gms | German Medical Science

63rd Annual Meeting of the German Society of Neurosurgery (DGNC)
Joint Meeting with the Japanese Neurosurgical Society (JNS)

German Society of Neurosurgery (DGNC)

13 - 16 June 2012, Leipzig

High-Field MRI in Awake Glioma Surgery and Its Impact on Resection and Outcome

Meeting Abstract

  • N. Warneke - Klinik für Neurochirurgie, Universitätsklinikum Schleswig-Holstein, Campus Kiel
  • A. Nabavi - Klinik für Neurochirurgie, Universitätsklinikum Schleswig-Holstein, Campus Kiel
  • S. Göbel - Klinik für Neurochirurgie, Universitätsklinikum Schleswig-Holstein, Campus Kiel
  • H.M. Mehdorn - Klinik für Neurochirurgie, Universitätsklinikum Schleswig-Holstein, Campus Kiel

Deutsche Gesellschaft für Neurochirurgie. Japanische Gesellschaft für Neurochirurgie. 63. Jahrestagung der Deutschen Gesellschaft für Neurochirurgie (DGNC), Joint Meeting mit der Japanischen Gesellschaft für Neurochirurgie (JNS). Leipzig, 13.-16.06.2012. Düsseldorf: German Medical Science GMS Publishing House; 2012. DocDO.10.05

doi: 10.3205/12dgnc095, urn:nbn:de:0183-12dgnc0953

Published: June 4, 2012

© 2012 Warneke et al.
This is an Open Access article distributed under the terms of the Creative Commons Attribution License ( You are free: to Share – to copy, distribute and transmit the work, provided the original author and source are credited.



Objective: Awake glioma surgery is used for resection of brain tumors adjacent to eloquent brain areas (speech or motor cortex). The aim of surgery is to maximize the extent of resection and minimize postoperative neurological deficits. Therefore, intraoperative high-field MRI combined with neuronavigation was used for resection control in patients who underwent awake surgery.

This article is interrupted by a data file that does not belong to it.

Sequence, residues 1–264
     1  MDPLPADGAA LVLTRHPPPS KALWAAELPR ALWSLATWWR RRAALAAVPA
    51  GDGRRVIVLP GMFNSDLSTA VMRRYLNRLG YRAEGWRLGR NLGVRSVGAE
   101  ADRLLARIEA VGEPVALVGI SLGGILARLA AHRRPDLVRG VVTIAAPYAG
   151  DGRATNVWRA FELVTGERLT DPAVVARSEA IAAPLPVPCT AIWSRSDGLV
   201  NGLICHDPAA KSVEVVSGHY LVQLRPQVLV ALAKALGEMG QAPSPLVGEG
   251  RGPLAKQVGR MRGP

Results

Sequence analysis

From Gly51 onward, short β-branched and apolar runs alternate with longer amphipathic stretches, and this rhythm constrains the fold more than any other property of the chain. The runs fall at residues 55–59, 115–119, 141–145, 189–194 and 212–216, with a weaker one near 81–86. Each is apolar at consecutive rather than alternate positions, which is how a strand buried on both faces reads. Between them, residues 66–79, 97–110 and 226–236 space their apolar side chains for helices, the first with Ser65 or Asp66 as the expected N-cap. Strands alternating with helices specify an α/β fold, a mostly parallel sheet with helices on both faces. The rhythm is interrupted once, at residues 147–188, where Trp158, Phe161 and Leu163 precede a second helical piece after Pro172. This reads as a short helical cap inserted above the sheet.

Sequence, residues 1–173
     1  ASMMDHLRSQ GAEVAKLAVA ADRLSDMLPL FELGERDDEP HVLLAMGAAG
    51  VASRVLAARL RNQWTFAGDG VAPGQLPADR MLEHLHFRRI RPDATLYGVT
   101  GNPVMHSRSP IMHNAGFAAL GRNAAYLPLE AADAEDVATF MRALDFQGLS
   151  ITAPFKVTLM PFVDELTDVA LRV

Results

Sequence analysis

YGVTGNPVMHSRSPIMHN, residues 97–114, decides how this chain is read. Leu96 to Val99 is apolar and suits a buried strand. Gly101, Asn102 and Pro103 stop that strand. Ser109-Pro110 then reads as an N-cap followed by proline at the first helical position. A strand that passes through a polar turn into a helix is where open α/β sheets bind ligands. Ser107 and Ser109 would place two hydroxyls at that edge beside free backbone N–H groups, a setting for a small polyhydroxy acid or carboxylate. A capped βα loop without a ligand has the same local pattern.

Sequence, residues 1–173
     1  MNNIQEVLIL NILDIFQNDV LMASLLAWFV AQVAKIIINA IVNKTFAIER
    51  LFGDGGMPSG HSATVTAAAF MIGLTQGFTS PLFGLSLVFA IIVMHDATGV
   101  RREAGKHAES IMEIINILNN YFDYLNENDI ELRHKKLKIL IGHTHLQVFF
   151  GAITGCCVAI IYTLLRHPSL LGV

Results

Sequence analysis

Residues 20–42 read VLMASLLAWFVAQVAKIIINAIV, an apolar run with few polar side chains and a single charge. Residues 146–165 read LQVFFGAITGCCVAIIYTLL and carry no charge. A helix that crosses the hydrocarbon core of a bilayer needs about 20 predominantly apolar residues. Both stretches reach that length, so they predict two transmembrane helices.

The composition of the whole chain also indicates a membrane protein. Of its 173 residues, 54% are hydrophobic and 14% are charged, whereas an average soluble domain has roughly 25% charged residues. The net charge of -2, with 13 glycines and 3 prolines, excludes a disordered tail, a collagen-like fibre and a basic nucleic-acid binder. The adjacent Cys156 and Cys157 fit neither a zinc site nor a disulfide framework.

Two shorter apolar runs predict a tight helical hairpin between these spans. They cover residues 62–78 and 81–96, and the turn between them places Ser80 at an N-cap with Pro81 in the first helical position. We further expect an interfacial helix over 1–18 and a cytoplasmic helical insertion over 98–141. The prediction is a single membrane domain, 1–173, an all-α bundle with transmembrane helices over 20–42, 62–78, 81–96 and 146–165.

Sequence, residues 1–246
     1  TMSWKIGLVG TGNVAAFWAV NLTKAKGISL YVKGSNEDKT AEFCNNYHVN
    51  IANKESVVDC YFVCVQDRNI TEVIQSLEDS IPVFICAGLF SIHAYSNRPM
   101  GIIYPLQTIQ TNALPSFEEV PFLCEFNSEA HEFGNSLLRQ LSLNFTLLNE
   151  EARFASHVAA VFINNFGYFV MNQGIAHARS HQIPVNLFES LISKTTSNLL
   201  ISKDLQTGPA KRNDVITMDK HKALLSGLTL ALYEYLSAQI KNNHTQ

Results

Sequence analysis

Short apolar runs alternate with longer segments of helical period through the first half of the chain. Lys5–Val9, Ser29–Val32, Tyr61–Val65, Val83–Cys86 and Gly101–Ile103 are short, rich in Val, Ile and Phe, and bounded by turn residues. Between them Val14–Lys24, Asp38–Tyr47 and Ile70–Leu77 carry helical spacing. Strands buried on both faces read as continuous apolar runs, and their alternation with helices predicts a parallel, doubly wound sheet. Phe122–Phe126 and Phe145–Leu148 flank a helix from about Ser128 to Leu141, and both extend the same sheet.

Methods: From December 2005 to November 2011 82 operations in 77 patients (45 male and 32 female, age 15–77 years; mean 45 years) with glial tumors (1 GradeI, 11 grade II, 27 Grade III, 43 Grade IV) adjacent to eloquent brain areas were performed under local anaesthesia. Data were analysed from a prospektive database. Tumor volume, histology, ectent of tumor resection, OR-time, MR-scan-duration, neurological performance, age, gender and outcome were evaluated. Intraoperative MRI (1,5 Tesla) and constant neurological and neuropsychological monitoring were performed assisted by neuronavigation and 5-ALA-flourescence. Prior to and after operation, the patints were tested neuropsychologically.

Results: Mean tumor volume was 33.3 cm3. Mean follow-up was 21 months (1–72 months). Mean operation time was 260 minutes (80–730 minutes, mean MRI-scan-duration was 28 minutes (9–74 minutes). All images yielded diagnostic quality. In 61 operations all MR-morphologically detectable tumor tissue was resected. In 52 cases the patients had no permanent neurological deficit, 4 improved, 17 had a light and 6 a moderate deficit. 3 patients showed a severe deterioration. There was no perioperative mortality.

Conclusions: Awake surgery combined with intraoperative MRI-control and neuronavigation is a safe approach to maximize the extent of tumor removal and to minimize the resultant neurological deficits in the treatment of gliomas involving eloquent cortex areas.